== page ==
On the one hand, I think that the problem is that really doing archaeological theory properly – debating the assumptions we make about the way we interrogate our evidence and arriving at new ways of thinking requires a certain type of mind. Scholars that actually publish about archaeological theory are a rare breed and include Andrew Gardner, of UCL, who gave the thought provoking keynote speech and David Mattingly, of Leicester University, whose inspiring summing up closed the proceedings. Most of the rest of us, I think, go along to events like this keen to talk about the ancient world, to show what new insights we’ve arrived at through our own particular approach and hopefully to pick up a few new theoretical tricks from others that will be useful in our research.
On the other hand, I think that the other reason that there wasn’t too much explicit focus on theory in either the presentations or discussions is that nowadays the majority of us take it for granted that faced with a limited body of evidence we need to use theory if we are to arrive at new understandings of past culture or society. There can’t be many archaeologists, historians or even Classicists who graduate now without haven’t been made to realise the importance of thinking critically about the assumptions we make when we think about our evidence. And thinking critically and trying out new ways of thinking about the past is what theory is all about.
Still, the fact that most research these days does have such a strong theoretical component means that most of us the papers at last weekend’s conference could have been given in exactly the same form in a completely different setting. Indeed I suspect that most of us probably would have given the pretty much the same paper in a different setting – say in a smaller conference with a theme more closely related to our research interest or perhaps at the RAC (Roman Archaeology Conference).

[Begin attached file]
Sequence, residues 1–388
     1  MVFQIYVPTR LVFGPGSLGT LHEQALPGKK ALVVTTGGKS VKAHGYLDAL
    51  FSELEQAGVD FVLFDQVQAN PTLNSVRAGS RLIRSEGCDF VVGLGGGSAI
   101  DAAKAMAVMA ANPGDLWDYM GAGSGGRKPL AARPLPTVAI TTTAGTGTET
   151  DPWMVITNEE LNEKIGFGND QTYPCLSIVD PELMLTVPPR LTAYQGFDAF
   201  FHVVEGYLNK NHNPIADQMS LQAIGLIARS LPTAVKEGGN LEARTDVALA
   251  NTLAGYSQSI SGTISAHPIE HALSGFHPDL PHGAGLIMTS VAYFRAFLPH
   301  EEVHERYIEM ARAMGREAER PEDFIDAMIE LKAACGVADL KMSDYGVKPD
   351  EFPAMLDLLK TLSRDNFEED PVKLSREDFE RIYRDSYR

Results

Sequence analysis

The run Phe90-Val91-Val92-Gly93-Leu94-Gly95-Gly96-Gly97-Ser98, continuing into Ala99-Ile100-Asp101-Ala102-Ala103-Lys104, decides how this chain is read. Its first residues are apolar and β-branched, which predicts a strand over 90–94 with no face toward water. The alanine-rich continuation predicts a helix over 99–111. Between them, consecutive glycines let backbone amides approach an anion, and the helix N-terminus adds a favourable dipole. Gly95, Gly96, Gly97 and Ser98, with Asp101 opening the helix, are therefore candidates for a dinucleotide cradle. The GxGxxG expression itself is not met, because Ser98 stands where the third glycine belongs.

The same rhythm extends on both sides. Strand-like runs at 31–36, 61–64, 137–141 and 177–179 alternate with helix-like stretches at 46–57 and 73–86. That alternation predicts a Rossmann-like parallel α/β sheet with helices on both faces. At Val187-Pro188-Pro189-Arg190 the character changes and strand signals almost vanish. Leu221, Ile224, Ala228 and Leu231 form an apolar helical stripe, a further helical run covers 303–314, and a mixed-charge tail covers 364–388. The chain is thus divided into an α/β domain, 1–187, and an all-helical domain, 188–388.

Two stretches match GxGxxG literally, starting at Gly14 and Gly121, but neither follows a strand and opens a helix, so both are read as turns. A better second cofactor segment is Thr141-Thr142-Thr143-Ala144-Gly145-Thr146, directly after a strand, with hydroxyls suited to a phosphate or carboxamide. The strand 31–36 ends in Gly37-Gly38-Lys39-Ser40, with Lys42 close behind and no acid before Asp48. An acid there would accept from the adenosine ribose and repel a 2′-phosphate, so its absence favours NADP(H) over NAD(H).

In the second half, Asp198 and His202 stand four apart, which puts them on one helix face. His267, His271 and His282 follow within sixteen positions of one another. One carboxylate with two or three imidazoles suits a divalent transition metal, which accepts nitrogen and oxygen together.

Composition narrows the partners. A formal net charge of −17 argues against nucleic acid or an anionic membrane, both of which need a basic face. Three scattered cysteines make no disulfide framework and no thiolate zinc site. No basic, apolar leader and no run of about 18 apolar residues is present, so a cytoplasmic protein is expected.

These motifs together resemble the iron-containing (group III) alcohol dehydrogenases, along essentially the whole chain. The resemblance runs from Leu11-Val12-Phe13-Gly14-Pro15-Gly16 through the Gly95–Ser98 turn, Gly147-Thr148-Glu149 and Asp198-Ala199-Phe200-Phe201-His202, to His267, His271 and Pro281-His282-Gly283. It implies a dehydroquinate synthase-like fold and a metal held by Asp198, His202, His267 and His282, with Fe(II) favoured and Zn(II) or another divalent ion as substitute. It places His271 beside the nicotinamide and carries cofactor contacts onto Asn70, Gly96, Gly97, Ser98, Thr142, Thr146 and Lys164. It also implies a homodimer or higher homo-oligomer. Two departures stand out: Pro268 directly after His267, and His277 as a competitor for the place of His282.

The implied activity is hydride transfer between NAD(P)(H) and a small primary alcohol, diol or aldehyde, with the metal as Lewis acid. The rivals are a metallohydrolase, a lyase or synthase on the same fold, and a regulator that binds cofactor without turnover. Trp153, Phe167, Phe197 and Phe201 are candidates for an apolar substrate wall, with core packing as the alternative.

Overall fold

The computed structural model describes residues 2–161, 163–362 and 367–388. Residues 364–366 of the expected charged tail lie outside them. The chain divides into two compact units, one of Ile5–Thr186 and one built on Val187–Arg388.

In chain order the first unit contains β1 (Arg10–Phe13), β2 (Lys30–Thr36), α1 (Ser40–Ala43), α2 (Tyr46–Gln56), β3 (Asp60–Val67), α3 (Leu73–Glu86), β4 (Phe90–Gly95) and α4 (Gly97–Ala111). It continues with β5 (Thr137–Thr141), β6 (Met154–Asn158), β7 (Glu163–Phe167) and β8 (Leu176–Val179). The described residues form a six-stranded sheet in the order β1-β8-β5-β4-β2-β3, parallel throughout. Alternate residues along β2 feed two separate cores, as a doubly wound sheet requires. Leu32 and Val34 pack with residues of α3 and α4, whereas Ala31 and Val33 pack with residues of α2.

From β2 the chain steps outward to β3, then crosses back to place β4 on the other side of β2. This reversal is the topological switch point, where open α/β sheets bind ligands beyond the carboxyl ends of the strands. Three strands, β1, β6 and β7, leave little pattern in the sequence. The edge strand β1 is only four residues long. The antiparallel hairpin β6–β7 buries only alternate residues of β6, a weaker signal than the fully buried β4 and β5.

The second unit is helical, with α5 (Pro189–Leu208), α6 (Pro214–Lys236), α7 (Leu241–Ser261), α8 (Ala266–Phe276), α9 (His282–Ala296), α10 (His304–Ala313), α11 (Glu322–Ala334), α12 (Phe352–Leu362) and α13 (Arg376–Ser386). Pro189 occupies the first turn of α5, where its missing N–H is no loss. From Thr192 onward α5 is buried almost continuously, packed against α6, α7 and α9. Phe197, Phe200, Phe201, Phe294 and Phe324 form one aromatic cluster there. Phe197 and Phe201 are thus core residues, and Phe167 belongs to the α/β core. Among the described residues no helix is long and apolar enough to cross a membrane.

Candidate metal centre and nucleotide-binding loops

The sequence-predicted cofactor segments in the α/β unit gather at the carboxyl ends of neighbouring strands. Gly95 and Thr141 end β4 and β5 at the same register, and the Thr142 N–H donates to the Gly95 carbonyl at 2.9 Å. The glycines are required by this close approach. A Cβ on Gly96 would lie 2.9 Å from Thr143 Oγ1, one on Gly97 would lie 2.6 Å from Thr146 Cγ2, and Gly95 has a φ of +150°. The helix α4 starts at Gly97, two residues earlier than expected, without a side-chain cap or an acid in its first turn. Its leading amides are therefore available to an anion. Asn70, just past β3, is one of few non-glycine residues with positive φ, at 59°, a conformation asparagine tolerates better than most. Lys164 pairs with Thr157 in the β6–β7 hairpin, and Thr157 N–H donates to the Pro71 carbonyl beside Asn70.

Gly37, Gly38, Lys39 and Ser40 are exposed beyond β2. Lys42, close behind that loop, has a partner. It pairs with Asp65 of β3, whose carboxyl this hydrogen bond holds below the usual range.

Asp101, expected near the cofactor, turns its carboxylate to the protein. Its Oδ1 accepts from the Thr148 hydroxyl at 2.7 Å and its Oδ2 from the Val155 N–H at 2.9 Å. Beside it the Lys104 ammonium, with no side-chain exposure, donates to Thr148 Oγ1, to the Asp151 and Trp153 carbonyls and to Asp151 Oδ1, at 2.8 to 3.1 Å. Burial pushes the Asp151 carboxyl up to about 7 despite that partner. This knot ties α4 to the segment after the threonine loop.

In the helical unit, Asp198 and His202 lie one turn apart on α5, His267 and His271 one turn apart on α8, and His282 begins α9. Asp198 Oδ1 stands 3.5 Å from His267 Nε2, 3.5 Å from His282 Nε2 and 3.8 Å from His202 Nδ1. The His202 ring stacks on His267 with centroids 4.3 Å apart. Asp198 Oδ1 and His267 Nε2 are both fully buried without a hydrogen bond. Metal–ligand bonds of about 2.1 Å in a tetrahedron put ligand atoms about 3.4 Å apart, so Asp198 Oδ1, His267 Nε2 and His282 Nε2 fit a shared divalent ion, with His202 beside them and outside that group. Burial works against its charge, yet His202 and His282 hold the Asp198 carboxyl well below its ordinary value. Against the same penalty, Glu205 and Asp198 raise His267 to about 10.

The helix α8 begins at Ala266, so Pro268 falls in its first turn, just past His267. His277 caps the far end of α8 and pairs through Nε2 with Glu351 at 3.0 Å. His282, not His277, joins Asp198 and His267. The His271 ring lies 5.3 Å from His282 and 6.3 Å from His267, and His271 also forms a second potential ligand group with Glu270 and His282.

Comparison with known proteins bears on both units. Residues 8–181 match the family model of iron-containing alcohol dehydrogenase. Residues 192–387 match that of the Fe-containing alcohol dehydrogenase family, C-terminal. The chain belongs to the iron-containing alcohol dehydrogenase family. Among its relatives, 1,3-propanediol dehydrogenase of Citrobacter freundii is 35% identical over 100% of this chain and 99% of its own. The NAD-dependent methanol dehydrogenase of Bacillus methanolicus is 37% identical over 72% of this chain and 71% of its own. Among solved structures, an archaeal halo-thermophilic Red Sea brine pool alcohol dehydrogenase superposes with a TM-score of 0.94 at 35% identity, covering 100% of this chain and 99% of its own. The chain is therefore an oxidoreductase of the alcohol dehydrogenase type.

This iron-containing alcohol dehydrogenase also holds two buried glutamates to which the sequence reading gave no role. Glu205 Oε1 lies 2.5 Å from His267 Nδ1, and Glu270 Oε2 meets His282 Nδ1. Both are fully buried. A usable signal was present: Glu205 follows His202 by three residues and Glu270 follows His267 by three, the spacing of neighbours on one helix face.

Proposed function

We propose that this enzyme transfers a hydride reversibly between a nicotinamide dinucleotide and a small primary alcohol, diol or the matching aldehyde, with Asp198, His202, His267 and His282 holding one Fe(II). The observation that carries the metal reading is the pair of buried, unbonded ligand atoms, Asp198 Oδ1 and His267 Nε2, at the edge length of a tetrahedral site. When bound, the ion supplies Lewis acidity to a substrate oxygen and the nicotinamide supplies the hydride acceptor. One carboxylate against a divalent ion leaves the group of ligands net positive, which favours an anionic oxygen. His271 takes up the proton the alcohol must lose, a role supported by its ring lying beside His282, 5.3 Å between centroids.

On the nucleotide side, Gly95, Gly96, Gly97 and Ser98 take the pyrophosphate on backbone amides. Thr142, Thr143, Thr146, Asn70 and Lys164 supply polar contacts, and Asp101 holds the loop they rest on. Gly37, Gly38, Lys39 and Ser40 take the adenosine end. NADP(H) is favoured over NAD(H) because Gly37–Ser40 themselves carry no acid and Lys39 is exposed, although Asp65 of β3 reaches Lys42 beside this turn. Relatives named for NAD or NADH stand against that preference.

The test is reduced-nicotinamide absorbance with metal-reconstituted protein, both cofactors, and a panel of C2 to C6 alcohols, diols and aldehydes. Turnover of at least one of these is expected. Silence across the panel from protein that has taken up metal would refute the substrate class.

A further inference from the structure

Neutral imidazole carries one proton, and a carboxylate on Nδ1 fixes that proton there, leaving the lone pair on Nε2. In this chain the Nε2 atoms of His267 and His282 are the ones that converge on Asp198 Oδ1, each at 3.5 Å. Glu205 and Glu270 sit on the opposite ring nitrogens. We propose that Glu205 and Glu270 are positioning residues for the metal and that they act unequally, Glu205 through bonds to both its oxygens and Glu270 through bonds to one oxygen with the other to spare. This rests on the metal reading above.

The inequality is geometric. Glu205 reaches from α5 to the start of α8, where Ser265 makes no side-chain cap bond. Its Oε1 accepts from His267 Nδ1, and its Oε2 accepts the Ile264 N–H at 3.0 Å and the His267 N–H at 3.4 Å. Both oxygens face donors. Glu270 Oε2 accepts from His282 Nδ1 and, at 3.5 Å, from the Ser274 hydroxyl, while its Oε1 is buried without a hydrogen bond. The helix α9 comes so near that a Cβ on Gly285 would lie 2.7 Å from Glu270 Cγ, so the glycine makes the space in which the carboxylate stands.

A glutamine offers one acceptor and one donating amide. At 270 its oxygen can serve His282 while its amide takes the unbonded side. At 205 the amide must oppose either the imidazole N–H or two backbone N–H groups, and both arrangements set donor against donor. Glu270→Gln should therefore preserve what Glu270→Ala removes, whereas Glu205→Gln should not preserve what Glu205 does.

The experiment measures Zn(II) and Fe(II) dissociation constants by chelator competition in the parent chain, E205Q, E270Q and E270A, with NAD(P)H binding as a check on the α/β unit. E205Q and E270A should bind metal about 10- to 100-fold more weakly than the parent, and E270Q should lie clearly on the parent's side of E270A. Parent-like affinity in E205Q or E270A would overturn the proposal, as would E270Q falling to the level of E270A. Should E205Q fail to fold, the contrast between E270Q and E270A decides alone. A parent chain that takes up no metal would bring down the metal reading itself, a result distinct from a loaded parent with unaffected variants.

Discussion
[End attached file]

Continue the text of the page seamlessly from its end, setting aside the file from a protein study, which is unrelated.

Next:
TRAC was founded 25 years ago because a group of up and coming Roman archaeologists at that time thought that the subject wasn’t theoretical enough. That a quarter of a century later so much research in the field is so purposefully theory driven shows just how effective their initiative has been. TRAC is clearly a big success story. At the same time, however, there does seem to be a danger of the event becoming a victim of that very success and no longer having anything to distinguish itself from its slightly younger and ostensibly atheoretical brother (RAC was founded three years after TRAC).*
I’ve never attended RAC but browsing through the programme of last year’s event online there seem to be quite a few papers that must have been pretty much as theoretical as those I attended at this year’s TRAC. I have been invited to contribute to a panel at RAC next year when it will be in Rome, which I am of course looking forward to already. I’ve heard that TRAC will be held together in the same venue – they’ve organised the two events in tandem before. I’m very curious how easy it’s going to be to distinguish which sessions belong to which of the two conferences. But even if the two events do merge into one in yet more weird distortions of space and time, if the quality of this year’s TRAC papers are anything to go by, I am sure it will be an enjoyable and stimulating event.
*My thanks to the official Twitter account of TRAC (@Trac_conference) for pointing out a mistake in the first version of this post. TRAC was founded first (1991) before RAC (1994). Post amended 2/4/2015 at 11:12.